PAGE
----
As Mowachaht / Muchalaht Tyee Ha’wilth Mike Maquinna throws a cedar bough into Muchalat Inlet, he remembers the impact Tsu’xiit the killer whale had on the world.
“Everyone learned a lot about killer whales and their habitat, and also learned who we are as Mowachaht / Muchalaht people,” said Maquinna. “He was a part of our community, and we hold him in very high regard. In our culture, the killer whale is very significant, and everyone is saddened by the news a kakawin [killer whale] has died in our territory,” he said.
Tsu’xiit (a.k.a. Luna, L-98) was born near the San Juan Islands on September 19th, 1999, and was found alone in Nootka Sound in July 2001, three days after the passing of Mowachaht / Muchalaht Tyee Ha’wilth Ambrose Maquinna.
Just before he died, Chief Maquinna told Chief Jerry Jack he planned to return as a kakawin after his death. Luna’s arrival in this northern Vancouver Island inlet was seen as a spiritual reflection of his deep love for his people, community, and hahoulthee (traditional territory).
Separated from other resident orcas, Tsu’xiit began bumping boats, sometimes peeling underwater transponders off hulls as the sound waves emitted from fish finders and depth sounders bothered him.
Fisheries and Oceans Canada (DFO) saw this as a problem, and joined with the Vancouver Aquarium and U.S. National Oceanic and Atmospheric Administration (NOAA) in a planned move to capture him, truck him down island, and release him near his familial pod near Puget Sound, home of the highest concentration of boats on the west coast of the continent.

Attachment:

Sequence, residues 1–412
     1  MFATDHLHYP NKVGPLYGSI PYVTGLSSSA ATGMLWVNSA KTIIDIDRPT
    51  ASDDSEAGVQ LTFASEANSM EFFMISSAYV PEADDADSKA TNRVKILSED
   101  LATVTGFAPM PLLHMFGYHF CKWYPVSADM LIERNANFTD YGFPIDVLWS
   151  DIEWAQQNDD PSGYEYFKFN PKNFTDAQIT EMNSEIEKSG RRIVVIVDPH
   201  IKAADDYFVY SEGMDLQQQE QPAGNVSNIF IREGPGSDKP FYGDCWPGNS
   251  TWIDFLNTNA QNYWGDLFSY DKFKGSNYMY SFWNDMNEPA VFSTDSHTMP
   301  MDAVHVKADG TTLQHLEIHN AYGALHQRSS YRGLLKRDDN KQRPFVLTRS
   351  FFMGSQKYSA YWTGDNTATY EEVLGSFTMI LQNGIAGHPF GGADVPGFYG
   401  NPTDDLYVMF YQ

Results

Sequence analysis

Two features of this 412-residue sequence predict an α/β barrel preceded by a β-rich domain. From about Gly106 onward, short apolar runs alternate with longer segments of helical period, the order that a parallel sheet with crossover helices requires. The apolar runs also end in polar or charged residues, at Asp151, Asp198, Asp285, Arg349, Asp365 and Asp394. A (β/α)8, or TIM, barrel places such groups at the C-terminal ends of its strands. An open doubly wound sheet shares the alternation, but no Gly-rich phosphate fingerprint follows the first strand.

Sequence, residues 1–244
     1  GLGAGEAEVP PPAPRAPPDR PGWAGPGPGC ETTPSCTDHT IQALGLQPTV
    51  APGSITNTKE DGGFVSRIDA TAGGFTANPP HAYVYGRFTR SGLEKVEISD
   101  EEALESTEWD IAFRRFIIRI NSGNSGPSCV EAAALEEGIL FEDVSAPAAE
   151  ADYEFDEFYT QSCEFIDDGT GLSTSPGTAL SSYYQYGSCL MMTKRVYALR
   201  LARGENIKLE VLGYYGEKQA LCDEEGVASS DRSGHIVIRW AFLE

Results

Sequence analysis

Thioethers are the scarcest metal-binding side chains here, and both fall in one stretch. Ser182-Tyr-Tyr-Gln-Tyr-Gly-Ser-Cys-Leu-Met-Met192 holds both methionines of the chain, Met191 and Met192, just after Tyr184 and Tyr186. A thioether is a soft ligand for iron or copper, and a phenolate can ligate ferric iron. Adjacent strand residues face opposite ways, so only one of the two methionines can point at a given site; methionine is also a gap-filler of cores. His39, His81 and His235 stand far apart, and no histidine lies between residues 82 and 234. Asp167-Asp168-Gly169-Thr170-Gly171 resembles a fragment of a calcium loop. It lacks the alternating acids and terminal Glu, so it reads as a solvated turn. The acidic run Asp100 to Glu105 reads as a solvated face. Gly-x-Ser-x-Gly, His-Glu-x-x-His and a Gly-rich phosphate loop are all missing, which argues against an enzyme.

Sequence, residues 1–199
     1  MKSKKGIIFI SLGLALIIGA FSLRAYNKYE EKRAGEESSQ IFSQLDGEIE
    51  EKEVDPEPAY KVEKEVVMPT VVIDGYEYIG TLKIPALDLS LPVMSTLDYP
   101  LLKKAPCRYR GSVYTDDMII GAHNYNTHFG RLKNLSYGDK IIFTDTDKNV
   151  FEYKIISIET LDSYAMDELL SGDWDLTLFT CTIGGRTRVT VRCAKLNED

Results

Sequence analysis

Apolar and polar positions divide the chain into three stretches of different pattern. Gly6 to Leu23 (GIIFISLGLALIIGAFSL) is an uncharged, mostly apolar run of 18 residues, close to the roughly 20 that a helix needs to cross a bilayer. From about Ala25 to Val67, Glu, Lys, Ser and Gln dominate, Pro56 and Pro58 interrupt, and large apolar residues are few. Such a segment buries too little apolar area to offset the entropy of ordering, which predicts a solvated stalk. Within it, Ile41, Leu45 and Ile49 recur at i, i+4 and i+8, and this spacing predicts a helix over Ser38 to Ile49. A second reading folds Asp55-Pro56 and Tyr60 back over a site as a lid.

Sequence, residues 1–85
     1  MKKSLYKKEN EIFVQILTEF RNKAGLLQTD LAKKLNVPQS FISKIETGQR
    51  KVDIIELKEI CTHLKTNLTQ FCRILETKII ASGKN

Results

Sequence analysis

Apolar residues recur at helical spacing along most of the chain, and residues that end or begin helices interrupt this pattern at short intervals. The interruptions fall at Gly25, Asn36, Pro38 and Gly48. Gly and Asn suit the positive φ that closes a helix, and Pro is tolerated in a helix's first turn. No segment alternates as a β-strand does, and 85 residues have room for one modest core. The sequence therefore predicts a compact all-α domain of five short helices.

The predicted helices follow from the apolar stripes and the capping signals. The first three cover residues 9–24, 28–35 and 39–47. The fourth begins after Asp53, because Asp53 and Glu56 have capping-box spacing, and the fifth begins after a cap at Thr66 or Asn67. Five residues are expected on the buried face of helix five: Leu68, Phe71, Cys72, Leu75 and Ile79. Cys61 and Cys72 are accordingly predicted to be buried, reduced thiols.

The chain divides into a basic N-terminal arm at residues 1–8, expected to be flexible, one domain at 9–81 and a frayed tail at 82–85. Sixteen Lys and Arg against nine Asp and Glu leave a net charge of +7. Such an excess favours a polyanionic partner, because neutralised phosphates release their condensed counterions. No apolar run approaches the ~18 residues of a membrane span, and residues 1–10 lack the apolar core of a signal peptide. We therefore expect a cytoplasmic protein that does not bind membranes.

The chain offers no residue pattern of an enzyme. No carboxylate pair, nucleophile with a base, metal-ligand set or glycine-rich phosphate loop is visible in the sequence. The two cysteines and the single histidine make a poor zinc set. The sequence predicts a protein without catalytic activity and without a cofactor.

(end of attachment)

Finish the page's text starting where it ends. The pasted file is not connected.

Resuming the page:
Documents obtained through the Canadian Access to Information program show many within DFO and the DFO Scientific Panel saw the plan as ill-fated. Behind the scenes, DFO was negotiating with Marineland Aquarium in Niagara Falls Ontario, to take the whale if the reintroduction failed.
As DFO sought to capture Tsu’xiit in June 2004, the Mowachaht / Muchalaht First Nation launched their canoes and led Tsu’xiit away from the government boats tempting the young whale towards an underwater pen. After 9 days of the two groups leading Tsu’xiit up and down Muchalaht Inlet in what the world media described a ‘tug-of-war’, it all seemed lost one stormy afternoon.
High winds shot down Muchalaht Inlet from the open Pacific causing 5-foot white-capping waves that were no match for the inexperienced paddlers. The high-powered DFO boats were able to finally lure Tsu’xiit into the pen tucked behind a former freighter dock and secured barbed wire fences.
“Our Elders and our traditions told us to stand beside Tsu’xiit just as we would one of our own, and let him know that he wasn’t alone,” said Maquinna. “Our interest was in letting nature take its course, and in keeping Tsu’xiit free,” he said.
A quarter mile away, the Mowachaht / Muchalaht Nation gathered on the community dock, and sang Chief Ambrose Maquinna’s paddle song at the top of their lungs, one last time for Tsu’xiit. Tears flowed as drums pounded, but then the weather broke. The winds subsided and the seas calmed as paddlers piled back into the canoes for one last try. As they sang, drummed, and paddled towards the pen, Tsu’xiit darted out before the gate could be closed, and the community members erupted with joy as DFO gave up on their capture and relocation plan.